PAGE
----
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I need to use the Taylor series expansion of $$\frac{1}{1+3x^2} $$ to find a series approximating $$\int_0^1 \frac{1}{1+3x^2} \, dx $$ and $$\int_0^{1/3} \frac{1}{1+3x^2} \, dx $$ I tried to start the problem using the Maclaurin series for $$\frac{1}{1+x}$$ and plugged in 3x^2 for x.

Edit: After taking the integral, how do I show that the approximation will work for the second integral, but will not for the first integral?

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  • $\begingroup$ Now, integrate each term of the series. $\endgroup$ – Tim Raczkowski Apr 14 '15 at 2:08
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The big key here is this: say you have a function $f(x)$, and that it has a power series representation $$ f(x)=\sum_{n=0}^{\infty}a_nx^n, \qquad\lvert x\rvert < R $$ (where $R$ is the radius of convergence). Then it turns out that any antiderivative $F(x)$ of $f(x)$ can be written $$ F(x)=C+\sum_{n=0}^{\infty}a_n\frac{x^{n+1}}{n+1},\qquad \lvert x\rvert<R, $$ for some choice of the constant $C$. (Notably: this is the term-by-term integral of the original power series.)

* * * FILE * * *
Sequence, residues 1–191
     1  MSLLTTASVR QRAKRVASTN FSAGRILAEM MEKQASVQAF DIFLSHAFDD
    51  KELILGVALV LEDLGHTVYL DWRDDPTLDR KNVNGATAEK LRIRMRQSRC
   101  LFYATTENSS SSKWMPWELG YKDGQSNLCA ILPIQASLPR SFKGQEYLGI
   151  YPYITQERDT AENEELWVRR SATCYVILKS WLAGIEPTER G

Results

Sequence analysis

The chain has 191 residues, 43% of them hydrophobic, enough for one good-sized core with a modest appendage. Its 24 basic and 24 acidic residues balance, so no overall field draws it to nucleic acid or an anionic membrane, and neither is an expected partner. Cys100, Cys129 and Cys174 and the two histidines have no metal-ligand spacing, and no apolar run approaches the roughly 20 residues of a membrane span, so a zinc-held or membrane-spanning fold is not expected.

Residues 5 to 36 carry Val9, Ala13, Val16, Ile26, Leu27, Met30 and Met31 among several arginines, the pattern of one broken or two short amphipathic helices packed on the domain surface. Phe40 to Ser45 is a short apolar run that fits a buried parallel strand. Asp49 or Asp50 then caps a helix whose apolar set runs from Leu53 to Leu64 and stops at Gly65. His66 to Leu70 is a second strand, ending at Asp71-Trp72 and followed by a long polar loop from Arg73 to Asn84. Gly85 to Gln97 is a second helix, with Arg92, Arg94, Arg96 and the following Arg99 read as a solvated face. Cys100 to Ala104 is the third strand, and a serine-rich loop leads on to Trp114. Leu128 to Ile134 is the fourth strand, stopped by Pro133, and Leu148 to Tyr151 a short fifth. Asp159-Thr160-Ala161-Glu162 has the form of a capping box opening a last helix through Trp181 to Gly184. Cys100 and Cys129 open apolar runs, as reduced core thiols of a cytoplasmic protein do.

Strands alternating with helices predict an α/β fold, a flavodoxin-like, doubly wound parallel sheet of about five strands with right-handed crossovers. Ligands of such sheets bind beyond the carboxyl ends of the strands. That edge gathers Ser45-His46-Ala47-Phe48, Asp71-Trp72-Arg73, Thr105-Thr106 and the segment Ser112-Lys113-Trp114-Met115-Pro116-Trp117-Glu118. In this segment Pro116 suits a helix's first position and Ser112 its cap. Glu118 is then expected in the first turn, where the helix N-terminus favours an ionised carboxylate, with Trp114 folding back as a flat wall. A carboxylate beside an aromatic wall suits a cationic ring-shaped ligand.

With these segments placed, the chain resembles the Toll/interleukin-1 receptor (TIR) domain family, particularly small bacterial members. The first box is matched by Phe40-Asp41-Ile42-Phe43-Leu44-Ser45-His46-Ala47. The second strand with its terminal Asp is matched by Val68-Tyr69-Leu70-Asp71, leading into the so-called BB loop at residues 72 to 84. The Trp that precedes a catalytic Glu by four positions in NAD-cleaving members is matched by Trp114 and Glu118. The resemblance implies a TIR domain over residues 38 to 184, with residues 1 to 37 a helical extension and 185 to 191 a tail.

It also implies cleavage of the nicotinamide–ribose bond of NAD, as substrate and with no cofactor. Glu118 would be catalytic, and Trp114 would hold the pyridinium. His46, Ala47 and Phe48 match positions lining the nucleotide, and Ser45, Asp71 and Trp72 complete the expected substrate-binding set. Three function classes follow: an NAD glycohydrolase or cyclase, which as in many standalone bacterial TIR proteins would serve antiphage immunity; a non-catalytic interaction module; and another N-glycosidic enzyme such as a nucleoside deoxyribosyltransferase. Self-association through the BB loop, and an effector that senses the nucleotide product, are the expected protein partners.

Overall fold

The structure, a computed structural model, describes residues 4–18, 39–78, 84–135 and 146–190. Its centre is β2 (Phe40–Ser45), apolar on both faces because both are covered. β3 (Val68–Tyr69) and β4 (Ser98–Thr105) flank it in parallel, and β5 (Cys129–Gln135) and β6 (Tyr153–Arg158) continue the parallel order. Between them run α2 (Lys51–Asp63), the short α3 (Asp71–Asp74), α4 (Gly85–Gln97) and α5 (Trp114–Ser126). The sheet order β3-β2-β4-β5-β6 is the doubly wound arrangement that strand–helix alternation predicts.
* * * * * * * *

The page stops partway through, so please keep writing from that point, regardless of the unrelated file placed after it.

In particular, this means that if $a,b\in(-R, R)$, then $$ \int_a^b f(x)\,dx=F(b)-F(a)=\sum_{n=0}^{\infty}a_n\frac{b^{n+1}}{n+1}-\sum_{n=0}^{\infty}a_n\frac{a^{n+1}}{n+1}. $$ In this particular case, we have $a=0$ and $b=0$, so that (assuming the radius of convergence exceeds $1$), we have $$ \int_0^1 f(x)\,dx=\sum_{n=0}^{\infty}\frac{a_n}{n+1} $$ (where the second term disappears because each has a positive power of $0$).

So, if you can find a power series representation for your function (which you had a sound approach for finding above), you can follow this to come up with a power series representation for the integral. But, if you can find a power series representing the integral, you can approximate its value to approximate the desired integral as well.

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